Garden photo reminder

Carrie Kirk's portable bucket garden.

Carrie Kirk’s portable bucket garden.

Thanks to Carrie Kirk, who describes her location as “the edge of Hole Pond,” for submitting the first garden photo.

She has solved some gardening problems (excessive rain or heat, bugs, hungry critters) by making her garden portable. She wrote, “There’s been so much rain since I planted my seeds. I lost a lot of my seedlings.” So she transplanted into buckets, which went from her porch to a picnic table–where Carrie’s boyfriend Ivan built the “shelter” pictured here for protection from too much rain.

“I grew up in the southwest where rain wasn’t the problem. It was a lack of it. So this is new to me.” Carrie reports that lots of rocks and holes in the bottoms of the buckets provide adequate drainage.

 

 

The Rudd family in Potsdam submitted this photo, saying "more sun would be appreciated!" Indeed.

The Rudd family in Potsdam submitted this photo, saying “more sun would be appreciated!” Indeed.

Remember: I’m seeking photos of gardens or any effort to grow vegetables and flowers this summer. We’ll be keeping track of our collective weekly progress with photos from around the region.

Send your pictures to me: ellen@ncpr.org and I’ll post those every Tuesday through the summer and fall. Please give me your name and location, and feel free to share any comments or observations you have about the photo or about gardening in general.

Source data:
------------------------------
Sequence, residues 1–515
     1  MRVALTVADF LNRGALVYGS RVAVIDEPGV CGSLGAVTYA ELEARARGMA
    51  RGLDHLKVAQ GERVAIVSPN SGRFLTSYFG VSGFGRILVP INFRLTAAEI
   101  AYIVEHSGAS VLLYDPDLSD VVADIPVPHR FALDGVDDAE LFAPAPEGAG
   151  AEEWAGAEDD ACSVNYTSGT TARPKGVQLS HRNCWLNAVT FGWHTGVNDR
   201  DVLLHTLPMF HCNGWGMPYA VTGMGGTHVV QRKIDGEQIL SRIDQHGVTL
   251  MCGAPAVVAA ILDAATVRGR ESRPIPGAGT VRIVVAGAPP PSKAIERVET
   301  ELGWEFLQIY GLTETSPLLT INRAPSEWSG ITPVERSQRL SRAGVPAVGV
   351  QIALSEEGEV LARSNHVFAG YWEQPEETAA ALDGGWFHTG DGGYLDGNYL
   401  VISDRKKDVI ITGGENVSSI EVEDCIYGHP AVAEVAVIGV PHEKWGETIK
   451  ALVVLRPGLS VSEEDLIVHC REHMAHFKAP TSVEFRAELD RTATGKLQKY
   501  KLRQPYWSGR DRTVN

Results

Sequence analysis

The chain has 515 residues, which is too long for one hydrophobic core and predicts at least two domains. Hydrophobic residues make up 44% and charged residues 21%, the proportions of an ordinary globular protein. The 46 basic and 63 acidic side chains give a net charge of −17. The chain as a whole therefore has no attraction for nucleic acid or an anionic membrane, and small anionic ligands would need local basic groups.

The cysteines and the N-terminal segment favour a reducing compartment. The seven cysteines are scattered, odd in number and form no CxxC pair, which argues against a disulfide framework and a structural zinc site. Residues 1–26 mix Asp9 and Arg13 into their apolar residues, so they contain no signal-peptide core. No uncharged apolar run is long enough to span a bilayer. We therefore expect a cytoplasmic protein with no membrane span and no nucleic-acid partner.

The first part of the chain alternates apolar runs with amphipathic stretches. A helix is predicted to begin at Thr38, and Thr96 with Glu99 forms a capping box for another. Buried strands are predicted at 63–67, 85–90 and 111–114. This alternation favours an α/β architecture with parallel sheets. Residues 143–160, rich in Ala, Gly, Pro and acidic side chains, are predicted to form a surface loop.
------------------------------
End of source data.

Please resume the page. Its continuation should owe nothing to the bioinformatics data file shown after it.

This first round of photos comes from gardens around the region during the week of June 10. Next batch of photos go up on Tuesday the 18th, so snap a picture this weekend and send it along.

 

 

 

"Morning fog rising over Unicome Farm, Town of Bolton" Photo: Harold Shippey

“Morning fog rising over Unicome Farm, Town of Bolton” Photo: Harold Shippey

I had a nice note from Harold Shippey who runs a farm in the town of Bolton. He thanked us for supporting local agriculture. Self interest, Harold. I’m a farmer, too!

By the way, I see the electric fence around Harold’s garden and I’m wondering if it’s designed to keep wild critters OR farm animals out of the garden, or both.

Which leads me to this question for all gardeners: what do you use to protect your garden’s borders from uninvited guests?

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